12. Partner with smoke evacuation vendors to help educate the stakeholders about the smoke evacuation devices and equipment and the ease of use.
13. Recognize the success of a smoke evacuation program with a letter to the department from the hospital or system president or CEO.
14. Create a written and verbal business case about the need to evacuate all surgical smoke and present it to the facility executives.
Whether plans are to implement the smoke evacuation program from the bottom up or top down, common strategies must be implemented for success to occur. A date should be set that can serve as a goal for all as to when the 100 percent smoke-free environment will be achieved.
Partnering with industry to be successful in becoming smoke-free is critical as industry partners can provide valuable education and training needed to convince staff members and physicians of the urgency to evacuate all smoke. This also helps to promote support from different groups as buy-in is extremely important for success.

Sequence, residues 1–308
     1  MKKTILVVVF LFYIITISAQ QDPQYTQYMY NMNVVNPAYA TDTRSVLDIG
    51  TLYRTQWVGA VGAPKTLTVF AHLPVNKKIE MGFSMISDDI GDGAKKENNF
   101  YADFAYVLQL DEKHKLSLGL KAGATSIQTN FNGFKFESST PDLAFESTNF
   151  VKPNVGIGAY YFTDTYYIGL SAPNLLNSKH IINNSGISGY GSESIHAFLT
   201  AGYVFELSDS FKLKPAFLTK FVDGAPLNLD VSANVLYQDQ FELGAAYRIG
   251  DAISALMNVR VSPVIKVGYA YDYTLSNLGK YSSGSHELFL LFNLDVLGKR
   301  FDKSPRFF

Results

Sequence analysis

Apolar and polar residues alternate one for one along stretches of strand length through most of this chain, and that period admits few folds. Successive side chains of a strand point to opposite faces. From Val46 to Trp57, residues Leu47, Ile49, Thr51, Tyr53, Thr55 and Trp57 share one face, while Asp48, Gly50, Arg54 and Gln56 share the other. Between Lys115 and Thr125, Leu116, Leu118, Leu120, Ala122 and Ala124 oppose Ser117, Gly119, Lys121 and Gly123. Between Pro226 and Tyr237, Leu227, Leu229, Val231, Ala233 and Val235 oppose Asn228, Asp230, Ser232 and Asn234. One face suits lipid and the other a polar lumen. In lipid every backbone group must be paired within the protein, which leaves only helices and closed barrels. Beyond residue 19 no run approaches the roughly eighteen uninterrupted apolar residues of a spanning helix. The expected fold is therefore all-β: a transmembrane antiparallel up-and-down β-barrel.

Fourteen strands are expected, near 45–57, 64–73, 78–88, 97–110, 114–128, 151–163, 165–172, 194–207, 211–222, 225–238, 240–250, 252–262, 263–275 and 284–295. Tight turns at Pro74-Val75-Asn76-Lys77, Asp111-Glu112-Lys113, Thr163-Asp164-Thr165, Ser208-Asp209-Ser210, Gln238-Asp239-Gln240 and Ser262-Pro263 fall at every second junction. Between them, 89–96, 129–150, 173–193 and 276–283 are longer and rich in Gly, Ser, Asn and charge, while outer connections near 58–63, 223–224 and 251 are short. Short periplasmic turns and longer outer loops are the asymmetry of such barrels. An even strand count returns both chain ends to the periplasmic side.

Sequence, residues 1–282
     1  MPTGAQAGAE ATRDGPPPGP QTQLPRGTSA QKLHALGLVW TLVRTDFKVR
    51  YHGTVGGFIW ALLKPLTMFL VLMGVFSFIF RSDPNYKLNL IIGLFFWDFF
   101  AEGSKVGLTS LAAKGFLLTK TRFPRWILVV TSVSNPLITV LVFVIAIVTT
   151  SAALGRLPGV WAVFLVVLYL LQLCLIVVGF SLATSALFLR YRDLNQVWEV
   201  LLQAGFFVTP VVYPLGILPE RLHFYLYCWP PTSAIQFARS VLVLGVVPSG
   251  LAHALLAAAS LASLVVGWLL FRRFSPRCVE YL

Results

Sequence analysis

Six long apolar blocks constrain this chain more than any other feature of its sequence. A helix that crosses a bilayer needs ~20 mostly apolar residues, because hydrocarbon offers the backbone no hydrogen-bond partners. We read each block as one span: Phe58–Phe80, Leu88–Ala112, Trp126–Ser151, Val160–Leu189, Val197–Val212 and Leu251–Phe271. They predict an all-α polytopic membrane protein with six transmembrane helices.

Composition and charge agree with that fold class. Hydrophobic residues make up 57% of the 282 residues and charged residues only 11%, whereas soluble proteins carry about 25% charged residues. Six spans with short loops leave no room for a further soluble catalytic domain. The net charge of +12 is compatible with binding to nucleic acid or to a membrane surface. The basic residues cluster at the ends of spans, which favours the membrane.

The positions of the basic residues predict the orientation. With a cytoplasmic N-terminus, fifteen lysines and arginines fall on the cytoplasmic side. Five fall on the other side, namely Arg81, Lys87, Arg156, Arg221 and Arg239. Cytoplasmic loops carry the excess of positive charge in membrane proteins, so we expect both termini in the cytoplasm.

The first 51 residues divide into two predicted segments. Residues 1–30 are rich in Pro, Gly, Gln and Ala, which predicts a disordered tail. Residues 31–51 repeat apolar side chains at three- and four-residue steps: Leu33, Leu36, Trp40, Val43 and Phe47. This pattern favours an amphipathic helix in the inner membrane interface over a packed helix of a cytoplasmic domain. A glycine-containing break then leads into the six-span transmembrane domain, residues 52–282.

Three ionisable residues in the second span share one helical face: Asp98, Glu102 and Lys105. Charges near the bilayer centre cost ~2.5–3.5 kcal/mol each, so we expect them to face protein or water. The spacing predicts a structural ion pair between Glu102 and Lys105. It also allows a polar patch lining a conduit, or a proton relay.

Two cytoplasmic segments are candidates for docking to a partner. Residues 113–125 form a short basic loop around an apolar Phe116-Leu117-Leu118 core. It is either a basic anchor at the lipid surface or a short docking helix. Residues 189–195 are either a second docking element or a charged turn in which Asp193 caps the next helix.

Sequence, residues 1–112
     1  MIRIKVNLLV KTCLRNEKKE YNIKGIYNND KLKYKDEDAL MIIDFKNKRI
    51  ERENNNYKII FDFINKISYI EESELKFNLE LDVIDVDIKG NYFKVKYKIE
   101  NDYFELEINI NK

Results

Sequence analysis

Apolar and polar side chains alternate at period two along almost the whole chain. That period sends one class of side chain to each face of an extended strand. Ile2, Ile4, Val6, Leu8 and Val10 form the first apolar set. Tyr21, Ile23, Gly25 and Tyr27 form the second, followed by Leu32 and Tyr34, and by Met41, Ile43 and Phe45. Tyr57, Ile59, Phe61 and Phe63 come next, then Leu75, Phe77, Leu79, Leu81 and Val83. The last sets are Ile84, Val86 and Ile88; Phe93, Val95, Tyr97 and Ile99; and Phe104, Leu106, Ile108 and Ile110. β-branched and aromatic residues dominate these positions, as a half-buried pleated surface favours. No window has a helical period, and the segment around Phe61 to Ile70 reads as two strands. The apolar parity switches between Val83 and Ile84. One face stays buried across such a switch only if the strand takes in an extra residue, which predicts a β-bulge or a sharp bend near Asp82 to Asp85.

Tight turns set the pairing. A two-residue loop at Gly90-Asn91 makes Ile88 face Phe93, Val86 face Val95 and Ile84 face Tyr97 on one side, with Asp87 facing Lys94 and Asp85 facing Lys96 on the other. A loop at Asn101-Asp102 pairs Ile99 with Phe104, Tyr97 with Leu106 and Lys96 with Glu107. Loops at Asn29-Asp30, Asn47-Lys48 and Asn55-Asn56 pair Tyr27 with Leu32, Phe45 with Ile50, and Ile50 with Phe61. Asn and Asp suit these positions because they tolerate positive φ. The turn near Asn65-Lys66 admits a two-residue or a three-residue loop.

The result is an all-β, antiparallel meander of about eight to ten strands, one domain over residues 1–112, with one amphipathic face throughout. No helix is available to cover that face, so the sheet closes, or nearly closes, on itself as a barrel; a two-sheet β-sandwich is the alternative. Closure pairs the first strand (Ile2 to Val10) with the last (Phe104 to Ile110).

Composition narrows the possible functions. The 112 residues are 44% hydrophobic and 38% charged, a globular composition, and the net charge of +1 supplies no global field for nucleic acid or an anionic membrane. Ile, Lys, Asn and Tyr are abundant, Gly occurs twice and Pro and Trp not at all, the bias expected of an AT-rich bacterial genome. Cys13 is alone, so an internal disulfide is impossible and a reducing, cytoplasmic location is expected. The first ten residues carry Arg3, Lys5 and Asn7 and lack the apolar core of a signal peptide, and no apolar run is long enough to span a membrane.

Finally, a recognition and rewards program needs to be created to recognize those who have been instrumental in reaching the goal of achieving a smoke-free environment.
The good news is there are products from a number of device providers that remove surgical smoke from the air. This has become increasingly important as electrosurgical procedures have become more common.
When limiting surgical smoke exposure, the risks are very real and the lack of action we’re taking is quite disconcerting. However, if you take action and begin the process now, you can be well on your way to making your OR 100 percent smoke free.